Closest Metro Station: Jardin d’Essais., Then A Cable Car 1 min walkway.
3. Visit National Museum of Fine Arts of Algiers (Le Musee National Des Beaux-Arts).
The National Museum of fine art is an obvious stop between the Botanical Garden and Martyr´s Memorial; I’m not a big art fan, so for me, the most impressing thing here is the view from the rooftop balcony. The Museum is over several floors, with the first two floors being filled with statues and sculptures, the top level is filled with older art and paintings.
Once again, if your, not an art fan, it is still worth a visit for the view from the balcony.
*1962 Only a few weeks after Algeria gained its independence from France, 300 works of art were brought to the Louvre in Paris from the Museum. This shipment included works by Monet, Delacroix, Courbet.
The negotiations over returning the art, and whether it should indeed be returned to Algeria were a contentious issue in France and a cause of outrage in Algeria.
Closest Metro Station: Jardin d’Essais.
4. Relax In The Botanical Garden.
When the sun gets too strong, and you want to relax for a bit the Botanical Garden is a great place to relax, only a few steps from a metro station.
Established in 1832, today the botanical garden covers an area of 58 hectares (140 acres), today it´s home to an estimated 1,200 different species of plants in the garden, there´s also a small cafeteria located here.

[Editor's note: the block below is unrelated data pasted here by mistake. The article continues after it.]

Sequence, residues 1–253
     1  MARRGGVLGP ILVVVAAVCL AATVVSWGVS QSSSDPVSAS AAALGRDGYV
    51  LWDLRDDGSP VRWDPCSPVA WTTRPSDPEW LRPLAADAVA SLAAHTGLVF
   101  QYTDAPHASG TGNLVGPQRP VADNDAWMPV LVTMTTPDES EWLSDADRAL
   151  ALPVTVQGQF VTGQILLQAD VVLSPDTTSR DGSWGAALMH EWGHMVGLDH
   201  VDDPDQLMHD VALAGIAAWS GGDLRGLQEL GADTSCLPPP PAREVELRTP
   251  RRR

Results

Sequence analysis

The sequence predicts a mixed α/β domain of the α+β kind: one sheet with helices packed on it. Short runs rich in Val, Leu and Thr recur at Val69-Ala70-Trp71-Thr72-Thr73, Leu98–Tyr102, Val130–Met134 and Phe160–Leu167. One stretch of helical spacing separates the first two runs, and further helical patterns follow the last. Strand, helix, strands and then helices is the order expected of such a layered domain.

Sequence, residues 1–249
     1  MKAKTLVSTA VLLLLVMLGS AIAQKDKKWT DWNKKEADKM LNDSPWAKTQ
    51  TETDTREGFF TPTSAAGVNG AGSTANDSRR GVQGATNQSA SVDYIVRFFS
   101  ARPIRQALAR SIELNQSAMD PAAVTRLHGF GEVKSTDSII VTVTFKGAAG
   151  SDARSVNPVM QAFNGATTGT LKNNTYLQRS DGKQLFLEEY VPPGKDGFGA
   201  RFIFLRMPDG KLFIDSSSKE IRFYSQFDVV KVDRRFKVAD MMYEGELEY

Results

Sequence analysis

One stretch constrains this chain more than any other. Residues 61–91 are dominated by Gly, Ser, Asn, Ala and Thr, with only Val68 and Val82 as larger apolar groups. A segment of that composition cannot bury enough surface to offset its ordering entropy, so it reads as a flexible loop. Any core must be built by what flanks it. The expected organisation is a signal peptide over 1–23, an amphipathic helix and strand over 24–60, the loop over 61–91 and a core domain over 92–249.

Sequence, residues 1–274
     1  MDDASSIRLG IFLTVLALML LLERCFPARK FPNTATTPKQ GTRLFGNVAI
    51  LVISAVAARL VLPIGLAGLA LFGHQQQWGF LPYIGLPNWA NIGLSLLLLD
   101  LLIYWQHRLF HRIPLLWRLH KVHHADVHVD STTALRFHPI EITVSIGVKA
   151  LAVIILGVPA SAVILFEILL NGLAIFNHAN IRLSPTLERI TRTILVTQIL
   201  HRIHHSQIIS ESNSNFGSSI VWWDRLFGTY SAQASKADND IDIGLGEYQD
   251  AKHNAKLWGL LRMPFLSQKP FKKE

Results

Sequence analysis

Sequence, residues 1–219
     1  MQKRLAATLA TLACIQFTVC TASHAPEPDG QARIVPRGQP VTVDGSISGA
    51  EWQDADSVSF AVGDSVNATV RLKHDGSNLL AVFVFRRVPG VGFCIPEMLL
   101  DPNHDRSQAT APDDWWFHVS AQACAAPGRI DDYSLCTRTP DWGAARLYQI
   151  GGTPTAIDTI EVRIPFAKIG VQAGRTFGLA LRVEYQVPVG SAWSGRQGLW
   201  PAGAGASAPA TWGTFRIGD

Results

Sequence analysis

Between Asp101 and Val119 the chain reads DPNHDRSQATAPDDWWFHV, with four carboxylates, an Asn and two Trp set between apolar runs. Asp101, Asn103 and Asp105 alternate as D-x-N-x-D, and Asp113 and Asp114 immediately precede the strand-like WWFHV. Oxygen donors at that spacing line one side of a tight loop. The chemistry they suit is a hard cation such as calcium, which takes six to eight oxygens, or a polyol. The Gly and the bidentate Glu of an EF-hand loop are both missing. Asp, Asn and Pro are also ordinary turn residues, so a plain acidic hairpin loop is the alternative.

Closest Metro Station: Jardin d’Essais.
5. Visit The Notre Dame d’Afrique.
Built back in 1872 Notre Dame d’Afrique is a Roman Catholic Church. It´s one of the most famous landmarks of Algiers. It´s located on a cliff overlooking the Bay Of Algiers, there a great view from here over the Bab El Oued neighbourhood.
It’s a famous landmark and carved behind the altar has the words, “Notre Dame d’Afrique priez pour nous et pour les Musulmans”, meaning “Our Lady of Africa, pray for the Muslims and for us”.
Closest Metro Station: No metro close by, but a taxi should cost no more than 400/500dzd from anywhere in the city centre.
6. Admire The French Architecture.
The whole city centre of Algiers will remind you more of being in Europe than in Africa.
One of the best places to admire the French Architecture is along with the Rue Didouche Mourad. The famous Grand Post Office is located here, maybe one of the world´s most impressive post offices.
Surrounding streets are filled with excellent restaurants and coffee shops.
7. Palais des Rais.
One of the most historical buildings in Algiers, this is one of the very last surviving parts of the lower Casbah, located right next to the waterfront, The buildings here are three palaces and six houses, whose history goes all the way back to 1750.
It´s also home to the Centre des Arts et de la Culture, which hosts some fine art and photographic exhibitions, during my visit, there was an exhibition on Chinese art!
There´s a small beach behind Palais des Rais if you want to dip your toes in the Mediterranean sea.
8. Visit The Ketchaoua Mosque.
The Ketchaoua Mosque built-in 1612, The mosque, built during the rule of the Ottoman Empire, before it was turned into the cathedral of St Philippe by the French in 1845, then back into a Mosque when Algeria got it independence in 1962